BBC News, London
The cleanup bill for TOX tags is thought to run to six figures
A graffiti vandal responsible for hundreds of thousands of pounds worth of damage across London stands to make a four figure sum by selling his work.
Daniel Halpin was given an ASBO and jailed for spraying his TOX tag on trains and walls for nine years.
Now he is selling 100 canvases, bearing his notorious mark, at £75 each.
Although the law prohibits people from profiting by criminal acts, the BBC has learned he will be able to keep the cash because of a "glaring loophole".
Mr Halpin's spree began in 2001 when the tag TOX01 started to appear.
It can be seen as far afield as Paris and one London Underground manager said: "I don't know anywhere you can't see a TOX tag - they are in places even I don't know how to access."
At the height of his spree Mr Halpin, from Stockwell, south London, spent four-and-a-half months in Feltham Young Offenders Institution for breaching an ASBO.
'Passion and commitment'
In what some graffiti artists call "cashing in" on his notoriety, Mr Halpin has now begun selling prints of his tag through street art company Souled Out.
Souled Out owner Chris Bowden said of Mr Halpin's behaviour: "It's an addiction to bombing [painting] trains - he lives for it, and treats it almost like a job with research, passion and commitment.
"He just wants to 'get up' more than anyone else - that's all taggers want, to get their tag on as many walls more than anyone else in the hardest to reach spots."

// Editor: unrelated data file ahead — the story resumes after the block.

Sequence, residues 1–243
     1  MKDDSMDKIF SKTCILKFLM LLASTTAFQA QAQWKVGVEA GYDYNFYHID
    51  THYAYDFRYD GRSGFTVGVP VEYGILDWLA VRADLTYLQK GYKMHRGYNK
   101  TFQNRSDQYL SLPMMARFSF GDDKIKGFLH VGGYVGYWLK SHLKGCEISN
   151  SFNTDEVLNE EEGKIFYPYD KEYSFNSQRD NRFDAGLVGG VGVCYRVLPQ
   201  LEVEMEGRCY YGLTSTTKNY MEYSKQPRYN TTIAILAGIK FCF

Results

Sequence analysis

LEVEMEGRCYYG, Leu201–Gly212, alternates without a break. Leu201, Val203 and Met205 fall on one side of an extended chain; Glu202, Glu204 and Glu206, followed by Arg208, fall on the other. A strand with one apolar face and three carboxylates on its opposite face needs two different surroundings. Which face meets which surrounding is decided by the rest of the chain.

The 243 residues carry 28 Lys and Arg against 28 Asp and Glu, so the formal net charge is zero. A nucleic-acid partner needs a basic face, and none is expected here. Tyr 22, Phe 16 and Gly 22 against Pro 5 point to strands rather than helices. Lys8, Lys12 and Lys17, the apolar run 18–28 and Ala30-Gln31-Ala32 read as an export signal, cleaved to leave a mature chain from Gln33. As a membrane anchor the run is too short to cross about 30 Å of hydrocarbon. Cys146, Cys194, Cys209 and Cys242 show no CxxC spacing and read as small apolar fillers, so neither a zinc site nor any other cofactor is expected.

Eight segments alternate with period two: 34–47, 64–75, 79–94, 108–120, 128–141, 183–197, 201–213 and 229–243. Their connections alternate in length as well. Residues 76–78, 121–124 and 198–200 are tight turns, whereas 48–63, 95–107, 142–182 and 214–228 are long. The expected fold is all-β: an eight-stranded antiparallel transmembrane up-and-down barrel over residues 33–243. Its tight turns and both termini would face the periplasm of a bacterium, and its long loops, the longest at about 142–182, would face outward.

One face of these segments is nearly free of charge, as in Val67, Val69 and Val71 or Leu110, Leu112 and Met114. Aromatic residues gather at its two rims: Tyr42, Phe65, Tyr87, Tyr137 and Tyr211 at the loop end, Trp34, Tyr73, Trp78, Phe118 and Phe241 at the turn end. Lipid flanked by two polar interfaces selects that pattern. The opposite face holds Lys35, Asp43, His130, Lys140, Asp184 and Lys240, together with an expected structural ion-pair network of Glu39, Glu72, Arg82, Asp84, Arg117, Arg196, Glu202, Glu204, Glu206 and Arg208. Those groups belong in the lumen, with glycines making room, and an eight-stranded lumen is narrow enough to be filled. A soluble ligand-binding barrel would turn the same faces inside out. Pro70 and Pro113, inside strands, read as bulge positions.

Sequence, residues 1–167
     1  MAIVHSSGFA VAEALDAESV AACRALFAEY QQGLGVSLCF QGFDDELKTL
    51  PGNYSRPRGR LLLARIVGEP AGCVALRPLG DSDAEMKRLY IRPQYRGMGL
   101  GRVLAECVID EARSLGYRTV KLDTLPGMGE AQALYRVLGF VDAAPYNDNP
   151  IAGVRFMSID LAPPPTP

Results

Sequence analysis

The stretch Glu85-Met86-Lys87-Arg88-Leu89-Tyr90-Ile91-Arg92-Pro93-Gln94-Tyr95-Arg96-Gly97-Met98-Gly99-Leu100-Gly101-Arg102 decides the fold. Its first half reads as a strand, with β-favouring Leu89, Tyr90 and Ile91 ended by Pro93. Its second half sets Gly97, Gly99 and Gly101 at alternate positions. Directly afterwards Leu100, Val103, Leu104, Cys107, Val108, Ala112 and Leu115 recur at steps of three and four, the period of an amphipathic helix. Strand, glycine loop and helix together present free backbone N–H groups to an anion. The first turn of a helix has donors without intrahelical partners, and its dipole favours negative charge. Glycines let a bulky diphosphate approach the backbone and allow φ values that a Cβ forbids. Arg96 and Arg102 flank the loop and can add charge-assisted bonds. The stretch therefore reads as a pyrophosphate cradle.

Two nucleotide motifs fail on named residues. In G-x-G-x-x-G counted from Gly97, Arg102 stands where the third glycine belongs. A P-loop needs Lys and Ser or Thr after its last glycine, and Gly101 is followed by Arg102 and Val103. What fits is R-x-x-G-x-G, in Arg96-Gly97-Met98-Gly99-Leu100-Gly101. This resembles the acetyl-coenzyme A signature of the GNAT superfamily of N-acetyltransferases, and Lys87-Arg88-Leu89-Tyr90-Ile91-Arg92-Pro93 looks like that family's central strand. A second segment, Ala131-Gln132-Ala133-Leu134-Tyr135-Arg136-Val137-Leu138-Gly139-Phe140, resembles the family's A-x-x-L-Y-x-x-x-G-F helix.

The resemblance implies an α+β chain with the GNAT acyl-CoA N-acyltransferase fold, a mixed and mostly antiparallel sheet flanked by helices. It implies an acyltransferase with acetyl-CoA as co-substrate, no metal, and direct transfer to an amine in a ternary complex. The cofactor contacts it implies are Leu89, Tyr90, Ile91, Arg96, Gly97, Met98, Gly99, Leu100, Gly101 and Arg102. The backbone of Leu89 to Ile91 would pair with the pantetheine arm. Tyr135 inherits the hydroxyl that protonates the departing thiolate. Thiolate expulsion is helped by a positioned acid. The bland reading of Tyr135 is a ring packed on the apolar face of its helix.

The Proceeds of Crime Act prevents convicted criminals from benefiting from their crime.
Two anonymous graffiti artists give conflicting opinions on Halpin's work.
TOX's stuff is an eye sore that gives graff a bad name. There's no skill or flow involved, its just down and out vandalism - just like kids with markers writing 'I was 'ere'. It's pointless and no-one wants to look at it. Master the art, then hit the streets.
TOX is one of the greatest graffiti artists I have ever seen. With the ratio of criminal damage against arrests he should be displayed in the Tate Modern. He has embarrassed the police, outwitting all their CCTV and security schemes. He is a genius and an inspiration to all artists. TOX is a urban icon.
But Christopher Coltart, a barrister and financial crime specialist at 2 Hare Court chambers, told the BBC the legislation would not apply to Mr Halpin.
Mr Coltart said: "The difficulty is there is nothing in itself unlawful about him spraying his tag onto the canvas.
"The issue is whether he is looking to exploit previous criminal activity which has given rise to his notoriety.
"I doubt whether that is covered - you may have identified what is a glaring loophole."
The Coroners and Justice Bill - currently going through parliament - is intended to strengthen the law on profiting from crime.
But Mr Coltart said the act would still not be enough to retrieve money from the "bulletproof" graffiti artist.
He added: "It is morally wrong that he could make money from his vandalism - everyone would agree with that.
"That's why it could be viewed as a loophole that needs to be cut off."
A Ministry of Justice spokeswoman said: "There is no loophole in the Coroners and Justice Bill - the provisions will target offenders who exploit their offences."